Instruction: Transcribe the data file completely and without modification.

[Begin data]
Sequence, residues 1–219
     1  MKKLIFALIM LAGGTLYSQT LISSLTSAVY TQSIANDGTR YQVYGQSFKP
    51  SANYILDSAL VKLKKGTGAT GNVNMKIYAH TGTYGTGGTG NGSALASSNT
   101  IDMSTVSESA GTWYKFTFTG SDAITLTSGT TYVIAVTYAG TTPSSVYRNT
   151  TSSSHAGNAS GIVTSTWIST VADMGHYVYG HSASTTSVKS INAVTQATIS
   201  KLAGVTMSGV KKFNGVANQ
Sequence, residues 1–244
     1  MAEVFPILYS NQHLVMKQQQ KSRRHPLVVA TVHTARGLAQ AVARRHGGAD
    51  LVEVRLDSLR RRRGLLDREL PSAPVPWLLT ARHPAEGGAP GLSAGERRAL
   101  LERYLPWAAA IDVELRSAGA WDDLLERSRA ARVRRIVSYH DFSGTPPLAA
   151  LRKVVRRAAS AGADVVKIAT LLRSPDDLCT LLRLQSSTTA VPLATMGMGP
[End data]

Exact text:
Sequence, residues 1–219
     1  MKKLIFALIM LAGGTLYSQT LISSLTSAVY TQSIANDGTR YQVYGQSFKP
    51  SANYILDSAL VKLKKGTGAT GNVNMKIYAH TGTYGTGGTG NGSALASSNT
   101  IDMSTVSESA GTWYKFTFTG SDAITLTSGT TYVIAVTYAG TTPSSVYRNT
   151  TSSSHAGNAS GIVTSTWIST VADMGHYVYG HSASTTSVKS INAVTQATIS
   201  KLAGVTMSGV KKFNGVANQ
Sequence, residues 1–244
     1  MAEVFPILYS NQHLVMKQQQ KSRRHPLVVA TVHTARGLAQ AVARRHGGAD
    51  LVEVRLDSLR RRRGLLDREL PSAPVPWLLT ARHPAEGGAP GLSAGERRAL
   101  LERYLPWAAA IDVELRSAGA WDDLLERSRA ARVRRIVSYH DFSGTPPLAA
   151  LRKVVRRAAS AGADVVKIAT LLRSPDDLCT LLRLQSSTTA VPLATMGMGP